Seen any good movies lately?

A movie is first and last, entertainment. It should not be taken as a historical fact when facts are interwoven with artistic licence 

THE last movie I can remember actually queuing and paying for tickets was “Bobby”. 

“Bobby” (the movie) is a sugar-coated Bollywood epic of love triumphing over a materialistic and stratified society, love over religious beliefs and how the common people can overcome the unwanted attention of upper crusts by moving to another city — all of which are great subliminal content that are sorely missing in today’s comic-book-inspired universe — but I waited in line and spent my measly allowance because Dimple Kapadia was in it. 

In my 13-year-old eyes, Bobby (the girl) was the bomb, and no other reason was needed to watch the movie three times during its one-week run at the Rex, one of two cinemas in Kuala Kangsar, Perak, in 1975. 

Many movies have come and gone, and of course, with the advent of things like VHS, DVD and streaming nowadays physically sweating in line for tickets is an investment now extinct for the moviegoer, or the concertgoer for that matter. 

My remembrance of Dimple was jolted this week by offspring texting me — a rare occurrence nowadays on account that my kids are all grown and busy adulting. 

“Babah, help me get Coldplay ticket. Urgent!” read one terse communique from the youngest. 

“What’s a Coldplay? Just wait until it comes out on Netflix,” I texted back. 

It’s my standard answer to them whenever they need tickets for Blackpink, Disney on Ice or any of the multitude of international live events that deigned to grace our shores, so I don’t know why they still bother. 

They still sell physical tickets for Football Association of Malaysia (FAM) matches and some other local shows, but apparently, people don’t have to queue in person for tickets nowadays because it is too slow for the mega-corporations, and they need my help. 

“You just register and bid for the tickets, we need as many people to bid for them online,” said another text. 

I told them that I can’t even take the stress of bidding for MySejahtera Covid vaccine slots, or even Khairul Aming’s Sambal Nyet Berapi and until recently Touch-N-Go cards for that matter; what makes them think we have a chance against professional scalpers using bots. It would be a futile endeavour. 

As it turned out I was right and now people, most probably scalpers, are re-selling Coldplay tickets at hundreds of thousand times their original prices.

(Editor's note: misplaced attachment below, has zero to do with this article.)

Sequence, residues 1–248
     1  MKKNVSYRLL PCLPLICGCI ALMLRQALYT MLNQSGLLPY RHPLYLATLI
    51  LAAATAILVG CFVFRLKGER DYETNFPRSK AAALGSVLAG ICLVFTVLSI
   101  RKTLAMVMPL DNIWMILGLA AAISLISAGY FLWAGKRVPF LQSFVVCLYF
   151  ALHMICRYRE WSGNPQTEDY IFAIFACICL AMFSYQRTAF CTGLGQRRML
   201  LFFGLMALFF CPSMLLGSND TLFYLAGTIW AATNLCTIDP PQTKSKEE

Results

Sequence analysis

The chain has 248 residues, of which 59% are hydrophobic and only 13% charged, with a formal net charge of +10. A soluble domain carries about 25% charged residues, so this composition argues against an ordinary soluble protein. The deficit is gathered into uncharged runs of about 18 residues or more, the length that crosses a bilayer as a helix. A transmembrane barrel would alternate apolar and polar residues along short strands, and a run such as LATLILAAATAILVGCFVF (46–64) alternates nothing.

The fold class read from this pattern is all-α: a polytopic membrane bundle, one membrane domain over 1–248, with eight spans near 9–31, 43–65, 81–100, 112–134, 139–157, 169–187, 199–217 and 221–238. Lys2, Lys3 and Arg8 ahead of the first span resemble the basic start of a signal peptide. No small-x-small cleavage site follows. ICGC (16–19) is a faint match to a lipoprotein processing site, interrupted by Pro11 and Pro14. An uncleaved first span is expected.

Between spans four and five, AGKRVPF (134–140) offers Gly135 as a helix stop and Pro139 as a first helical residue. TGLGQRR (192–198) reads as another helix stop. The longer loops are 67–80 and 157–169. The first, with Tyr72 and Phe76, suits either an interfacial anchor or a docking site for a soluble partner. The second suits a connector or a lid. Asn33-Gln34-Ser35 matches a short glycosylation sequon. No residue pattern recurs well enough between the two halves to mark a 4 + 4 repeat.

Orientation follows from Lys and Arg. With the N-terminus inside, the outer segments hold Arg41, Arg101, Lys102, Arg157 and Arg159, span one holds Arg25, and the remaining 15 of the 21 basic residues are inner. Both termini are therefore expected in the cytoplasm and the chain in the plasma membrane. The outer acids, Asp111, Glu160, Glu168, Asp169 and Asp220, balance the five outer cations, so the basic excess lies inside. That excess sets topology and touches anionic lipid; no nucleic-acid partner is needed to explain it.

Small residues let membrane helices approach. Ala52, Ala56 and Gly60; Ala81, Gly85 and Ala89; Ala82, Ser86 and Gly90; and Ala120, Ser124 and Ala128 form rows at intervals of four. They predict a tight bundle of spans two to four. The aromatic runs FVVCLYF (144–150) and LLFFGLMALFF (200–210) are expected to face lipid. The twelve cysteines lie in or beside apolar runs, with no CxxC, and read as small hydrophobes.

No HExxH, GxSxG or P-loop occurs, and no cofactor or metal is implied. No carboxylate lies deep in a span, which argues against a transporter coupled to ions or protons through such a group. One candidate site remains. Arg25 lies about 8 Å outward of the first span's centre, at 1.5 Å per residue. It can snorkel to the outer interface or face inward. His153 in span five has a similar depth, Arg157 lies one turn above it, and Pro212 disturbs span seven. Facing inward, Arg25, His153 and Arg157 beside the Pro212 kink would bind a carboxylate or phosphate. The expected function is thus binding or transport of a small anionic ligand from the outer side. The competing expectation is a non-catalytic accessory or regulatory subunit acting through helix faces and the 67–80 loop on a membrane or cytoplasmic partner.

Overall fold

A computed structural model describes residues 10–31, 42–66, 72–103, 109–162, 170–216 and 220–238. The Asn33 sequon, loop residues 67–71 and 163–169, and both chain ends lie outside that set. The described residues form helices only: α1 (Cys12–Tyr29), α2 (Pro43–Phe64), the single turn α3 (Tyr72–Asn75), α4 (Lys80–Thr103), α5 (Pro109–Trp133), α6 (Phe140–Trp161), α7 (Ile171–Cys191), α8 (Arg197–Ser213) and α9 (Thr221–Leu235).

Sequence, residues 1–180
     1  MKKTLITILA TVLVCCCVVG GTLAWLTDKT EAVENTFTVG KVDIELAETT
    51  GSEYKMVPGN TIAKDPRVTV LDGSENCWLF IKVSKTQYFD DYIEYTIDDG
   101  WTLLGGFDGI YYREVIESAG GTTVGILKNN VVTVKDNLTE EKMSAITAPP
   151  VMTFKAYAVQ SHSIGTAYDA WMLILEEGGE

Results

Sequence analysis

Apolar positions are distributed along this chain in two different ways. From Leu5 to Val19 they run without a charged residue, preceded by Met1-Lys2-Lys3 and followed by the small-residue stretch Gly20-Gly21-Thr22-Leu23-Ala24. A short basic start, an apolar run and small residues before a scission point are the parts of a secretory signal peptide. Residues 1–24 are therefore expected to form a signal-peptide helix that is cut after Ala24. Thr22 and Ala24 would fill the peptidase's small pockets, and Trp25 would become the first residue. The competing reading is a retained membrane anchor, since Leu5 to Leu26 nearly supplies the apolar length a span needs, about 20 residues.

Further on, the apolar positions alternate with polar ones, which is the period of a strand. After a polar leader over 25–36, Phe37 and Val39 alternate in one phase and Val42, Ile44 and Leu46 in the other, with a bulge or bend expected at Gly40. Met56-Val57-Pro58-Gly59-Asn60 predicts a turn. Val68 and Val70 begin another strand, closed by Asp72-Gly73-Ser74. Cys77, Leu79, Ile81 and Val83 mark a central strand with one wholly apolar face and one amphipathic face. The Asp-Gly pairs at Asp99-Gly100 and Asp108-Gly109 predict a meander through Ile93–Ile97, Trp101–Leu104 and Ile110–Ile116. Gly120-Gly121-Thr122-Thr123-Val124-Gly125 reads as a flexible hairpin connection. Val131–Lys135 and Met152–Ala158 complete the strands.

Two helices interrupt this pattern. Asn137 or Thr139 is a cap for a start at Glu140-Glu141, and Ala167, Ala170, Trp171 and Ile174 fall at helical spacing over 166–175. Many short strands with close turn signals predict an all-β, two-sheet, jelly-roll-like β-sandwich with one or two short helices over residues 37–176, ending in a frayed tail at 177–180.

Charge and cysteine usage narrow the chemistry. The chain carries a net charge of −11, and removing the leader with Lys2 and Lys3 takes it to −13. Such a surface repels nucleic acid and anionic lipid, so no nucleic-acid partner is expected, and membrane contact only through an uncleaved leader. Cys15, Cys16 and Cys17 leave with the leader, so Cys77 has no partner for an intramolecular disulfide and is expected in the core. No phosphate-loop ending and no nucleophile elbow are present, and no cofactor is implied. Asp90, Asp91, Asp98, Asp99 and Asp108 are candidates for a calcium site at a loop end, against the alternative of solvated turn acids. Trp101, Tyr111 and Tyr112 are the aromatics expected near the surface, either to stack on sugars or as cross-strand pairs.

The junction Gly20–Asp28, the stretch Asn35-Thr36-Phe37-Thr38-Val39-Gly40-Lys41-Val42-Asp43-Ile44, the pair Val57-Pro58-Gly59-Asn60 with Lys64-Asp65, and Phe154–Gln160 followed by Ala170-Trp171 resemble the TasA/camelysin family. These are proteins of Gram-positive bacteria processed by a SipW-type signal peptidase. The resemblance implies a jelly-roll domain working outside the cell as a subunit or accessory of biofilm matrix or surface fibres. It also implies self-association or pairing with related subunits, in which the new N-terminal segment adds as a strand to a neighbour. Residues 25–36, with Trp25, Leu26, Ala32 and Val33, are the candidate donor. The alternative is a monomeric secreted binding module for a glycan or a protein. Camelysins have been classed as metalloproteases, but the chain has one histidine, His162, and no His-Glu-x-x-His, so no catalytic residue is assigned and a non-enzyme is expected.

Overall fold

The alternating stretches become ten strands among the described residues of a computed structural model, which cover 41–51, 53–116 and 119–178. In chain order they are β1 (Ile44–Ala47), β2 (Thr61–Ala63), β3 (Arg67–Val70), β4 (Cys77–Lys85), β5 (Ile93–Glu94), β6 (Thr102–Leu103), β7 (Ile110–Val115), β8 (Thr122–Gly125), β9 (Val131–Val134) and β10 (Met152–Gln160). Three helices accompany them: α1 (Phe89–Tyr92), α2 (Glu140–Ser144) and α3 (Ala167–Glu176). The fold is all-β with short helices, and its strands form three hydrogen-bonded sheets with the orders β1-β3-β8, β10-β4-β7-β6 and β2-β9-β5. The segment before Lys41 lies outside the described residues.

But let’s get back to movies. 

This week someone invited me to see “Anwar: The Untold Story”. 

No need for tickets or queuing. Just out of curiosity, I Googled reviews of the movie and all are singing praises of it.

Now, since “Mat Kilau”, I am wary of reviews for this kind of pseudo-historical, pseudo-documentary movies in general. But one review stood out because the writer, instead of gushing over the film, critiqued the acting, the screenplay and its accuracy in portraying a living person. 

I thought that it sounded like a fair review as a whole since the critic railed against the foreign cast, the quality of the dialogue, etc, but judging by the responses in the comment section, many are taking it personally as against the movie subject Prime Minister (PM) Datuk Seri Anwar Ibrahim. 

Now, putting it in context, a movie is first and last, entertainment. 

It should not be taken as a historical fact when facts are interwoven with artistic licence — something that happens in movies that are put out commercially for ticket-paying patrons. 

When a bad review of a movie is being taken as a bad review of the subject of the movie itself, this is an indication of pedestal worship. 

With crucial state elections happening soon, releasing such a movie at this time smells purely of commercial considerations, remember Mat Kilau, but the political aspect will also rear its head. 

However, I have little interest not for any artistic or political reasons but on account that I don’t even watch movies on Netflix, except maybe “John Wick”. 

But with such content, no doubt, Anwar’s supporters will clamour to see it and equally opposite those who are not fans of the PM will also see it. It is after all a movie about Anwar and the country is divided on how to perceive him in the light of his reform messages before the last election and the compromises that the present government has been forced to make. 

The interest is not between the hypocrite and the reformer, it is between us the frightened, and what the people fear. 

A public relations (PR) battle is being waged to win over a people who increasingly perceive themselves as controlling nothing. 

With a conduit into the mother lode of such fears, the producers may be on their way to laughing their way to the bank. 

  • ZB Othman is an editor at The Malaysian Reserve. 

  • This article first appeared in The Malaysian Reserve weekly print edition